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Monday, 24 July 2017

Design Patterns - Adapter Pattern

Adapter Pattern

Also known as Wrapper.

Definition

The Adapter pattern is used to translate the interface of one class into another interface. This means that we can make classes work together that couldn't otherwise because of incompatible interfaces. A class adapter uses multiple inheritance (by extending one class and/or implementing one or
more classes) to adapt one interface to another. An object adapter relies on object aggregation.

Where to use

•When you want to use an existing class, and its interface does not match the one you need.
•When you want to create a reusable class that cooperates with unrelated or unforeseen classes, that is, classes that don't necessarily have compatible interfaces.
•When you want to increase transparency of classes.
•When you want to make a pluggable kit.

Benefits

•Highly class reusable.
•Introduces only one object

Drawbacks/consequences

When using Java, Target must be an interface.

Adapter Pattern - Class Diagram


In the class-diagram above:
•A Client class expects a certain interface (called the Target interface)
•An available interface doesn't match the Target interface
•An Adapter class bridges the gap between the Target interface and the available interface
•The available interface is called the Adaptee

Adapter Pattern Example

public interface FileManager {
public String open(String s);
public String close();
public String read(int pos, int amount, byte[] data);
public String write(int pos, int amount, byte[] data);
}
import java.util.*;
import java.io.*;
public class FileManagerUtil {
private RandomAccessFile f;
public boolean openFile(String fileName) {
System.out.println("Opening file: "+fileName);
boolean success=true;
return success;
}
public boolean closeFile() {
System.out.println("Closing file");
boolean success=true;
return success;
}
public boolean writeToFile(String d, long pos, long amount) {
System.out.print("Writing "+amount+
" chars from string: "+d);
System.out.println(" to pos: "+pos+" in file");
boolean success=true;
return success;
}
public String readFromFile(long pos, long amount) {
System.out.print("Reading "+amount+
" chars from pos: "+pos+" in file");
return new String("dynamite");
}
}

public class FileManagerImpl extends FileManagerUtil implements
FileManager {
public String close() {
return new Boolean(closeFile()).toString();
}
public String open(String s) {
return new Boolean(openFile(s)).toString();
}
public String read(int pos, int amount, byte[] data) {
return readFromFile(pos, amount);
}
public String write(int pos, int amount, byte[] data) {
boolean tmp= writeToFile(new String(data), pos, amount);
return String.valueOf(tmp);
}
}
public class FileManagerClient {
public static void main(String[] args) {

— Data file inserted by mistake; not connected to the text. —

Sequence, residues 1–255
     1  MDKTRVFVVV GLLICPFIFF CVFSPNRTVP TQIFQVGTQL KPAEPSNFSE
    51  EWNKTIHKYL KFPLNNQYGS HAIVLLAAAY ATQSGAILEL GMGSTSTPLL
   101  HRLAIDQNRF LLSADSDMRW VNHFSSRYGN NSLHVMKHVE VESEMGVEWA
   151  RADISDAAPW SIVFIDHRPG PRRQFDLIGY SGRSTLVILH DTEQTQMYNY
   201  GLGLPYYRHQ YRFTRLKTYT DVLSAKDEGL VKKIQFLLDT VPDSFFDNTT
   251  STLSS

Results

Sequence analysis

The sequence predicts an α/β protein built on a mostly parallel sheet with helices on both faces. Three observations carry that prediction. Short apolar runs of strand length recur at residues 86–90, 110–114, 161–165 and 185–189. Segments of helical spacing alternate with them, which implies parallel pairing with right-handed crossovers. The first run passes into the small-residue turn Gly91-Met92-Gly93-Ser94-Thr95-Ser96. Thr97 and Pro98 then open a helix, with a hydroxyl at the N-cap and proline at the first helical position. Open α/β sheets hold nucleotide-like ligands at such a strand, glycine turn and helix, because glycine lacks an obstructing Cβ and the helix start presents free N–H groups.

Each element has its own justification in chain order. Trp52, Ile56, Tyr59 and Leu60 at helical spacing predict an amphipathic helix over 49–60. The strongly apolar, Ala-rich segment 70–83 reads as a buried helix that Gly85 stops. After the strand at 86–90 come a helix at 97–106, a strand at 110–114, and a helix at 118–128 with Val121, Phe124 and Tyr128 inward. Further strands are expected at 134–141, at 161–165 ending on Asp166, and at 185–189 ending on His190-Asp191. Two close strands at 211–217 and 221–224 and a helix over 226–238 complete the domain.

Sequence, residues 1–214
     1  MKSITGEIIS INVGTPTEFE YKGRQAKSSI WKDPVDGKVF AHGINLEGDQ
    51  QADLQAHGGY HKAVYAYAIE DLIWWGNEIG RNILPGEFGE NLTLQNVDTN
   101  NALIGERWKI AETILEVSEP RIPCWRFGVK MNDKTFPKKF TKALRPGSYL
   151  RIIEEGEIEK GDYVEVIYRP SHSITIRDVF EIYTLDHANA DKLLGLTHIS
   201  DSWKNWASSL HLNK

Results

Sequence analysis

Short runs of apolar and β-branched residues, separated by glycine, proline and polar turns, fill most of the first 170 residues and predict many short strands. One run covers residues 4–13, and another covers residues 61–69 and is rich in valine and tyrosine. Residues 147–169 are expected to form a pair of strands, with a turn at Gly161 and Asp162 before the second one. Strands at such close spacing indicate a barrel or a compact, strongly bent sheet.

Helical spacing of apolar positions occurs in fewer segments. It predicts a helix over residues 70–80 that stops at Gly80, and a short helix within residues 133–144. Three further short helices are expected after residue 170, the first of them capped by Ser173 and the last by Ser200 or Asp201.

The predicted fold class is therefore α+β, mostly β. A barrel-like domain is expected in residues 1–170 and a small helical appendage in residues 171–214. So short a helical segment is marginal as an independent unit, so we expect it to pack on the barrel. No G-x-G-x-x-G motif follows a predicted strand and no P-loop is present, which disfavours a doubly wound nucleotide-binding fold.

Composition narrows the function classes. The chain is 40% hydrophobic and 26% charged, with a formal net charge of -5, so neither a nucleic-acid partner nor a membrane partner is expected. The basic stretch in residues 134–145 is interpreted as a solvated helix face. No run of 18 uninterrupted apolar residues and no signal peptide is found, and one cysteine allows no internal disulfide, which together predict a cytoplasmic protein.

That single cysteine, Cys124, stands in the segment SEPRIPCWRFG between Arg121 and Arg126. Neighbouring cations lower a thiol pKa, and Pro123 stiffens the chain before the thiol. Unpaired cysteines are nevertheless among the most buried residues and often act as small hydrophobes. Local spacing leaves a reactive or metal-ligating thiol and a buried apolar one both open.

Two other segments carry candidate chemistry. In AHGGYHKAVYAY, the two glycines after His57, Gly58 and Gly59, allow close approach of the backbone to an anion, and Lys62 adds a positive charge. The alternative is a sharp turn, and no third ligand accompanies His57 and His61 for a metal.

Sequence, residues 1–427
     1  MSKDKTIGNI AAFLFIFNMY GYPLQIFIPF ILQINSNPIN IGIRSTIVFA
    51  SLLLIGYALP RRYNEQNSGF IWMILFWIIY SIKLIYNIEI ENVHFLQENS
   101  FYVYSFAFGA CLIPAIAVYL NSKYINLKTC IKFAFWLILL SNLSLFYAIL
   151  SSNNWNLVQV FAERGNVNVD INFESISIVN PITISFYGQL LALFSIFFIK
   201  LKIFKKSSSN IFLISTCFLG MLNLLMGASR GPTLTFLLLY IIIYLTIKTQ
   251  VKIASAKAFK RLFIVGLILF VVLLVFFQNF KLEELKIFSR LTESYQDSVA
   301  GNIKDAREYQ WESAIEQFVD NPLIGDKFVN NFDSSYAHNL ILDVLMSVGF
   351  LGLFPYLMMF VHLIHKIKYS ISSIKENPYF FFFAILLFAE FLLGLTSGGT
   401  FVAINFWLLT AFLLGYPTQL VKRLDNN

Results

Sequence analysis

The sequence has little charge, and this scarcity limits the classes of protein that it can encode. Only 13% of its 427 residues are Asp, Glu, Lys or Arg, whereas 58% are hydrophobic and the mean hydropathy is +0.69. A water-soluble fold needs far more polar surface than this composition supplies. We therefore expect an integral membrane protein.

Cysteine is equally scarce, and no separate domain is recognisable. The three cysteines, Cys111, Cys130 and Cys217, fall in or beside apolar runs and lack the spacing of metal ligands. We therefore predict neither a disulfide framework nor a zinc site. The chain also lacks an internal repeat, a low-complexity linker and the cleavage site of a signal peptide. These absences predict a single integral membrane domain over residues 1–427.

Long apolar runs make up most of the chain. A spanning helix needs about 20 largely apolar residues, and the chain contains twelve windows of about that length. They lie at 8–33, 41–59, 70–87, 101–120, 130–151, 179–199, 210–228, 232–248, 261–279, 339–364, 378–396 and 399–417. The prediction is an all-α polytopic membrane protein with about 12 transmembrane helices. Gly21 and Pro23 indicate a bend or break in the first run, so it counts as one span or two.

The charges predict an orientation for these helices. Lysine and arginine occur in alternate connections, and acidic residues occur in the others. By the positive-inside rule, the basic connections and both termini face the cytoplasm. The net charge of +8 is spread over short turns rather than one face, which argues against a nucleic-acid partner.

FileManager f = null;
String dummyData = "dynamite";
f = new FileManagerImpl();
System.out.println("Using filemanager: "+
f.getClass().toString());
f.open("dummyfile.dat");
f.write(0, dummyData.length(), dummyData.getBytes());
String test = f.read(0,dummyData.length(),
dummyData.getBytes());
System.out.println("Data written and read: "+test);
f.close();
}
}
Imagine you need to develop a simple file manager to handle text documents. There is an existing resource that already handles this, but by some reason you are forced to a specific interface for your file manager. By using a class adapter we can use the forced interface and still reuse the existing functionality. In the class diagram below the interface FileManager is the target (desired interface). FileManagerUtil is the existing utility class that we would like to adapt to FileManager interface. We do the actual adaptation in the class FileManagerImpl, this class uses the desired interface and the
existing functionality through inheritance, i.e. a class adapter.


When FileManagerClient is executed the result is:
c:>Opening file: dummyfile.dat
c:>Writing 8 chars from string: dynamite to pos: 0 in file
c:>Reading 8 chars from pos: 0 in fileData written and read: dynamite
c:>Closing file

Usage example

The Java API uses the Adapter pattern, WindowAdapter, ComponentAdapter, ContainerAdapter, FocusAdapter, KeyAdapter, MouseAdapter, MouseMotionAdapter.
Annamalai Thangaraj

Annamalai is working as Technical Lead in Leading Telecom company with 5+ years experience in Identity and Access Management , Telecom and Networks, BigData, Java, Spring, Struts, Hibernate, AngularJS, and Enterprise Web Application Development.

Website: Java Tutorials Corner

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Item Reviewed: Design Patterns - Adapter Pattern Rating: 5 Reviewed By: Annamalai Thangaraj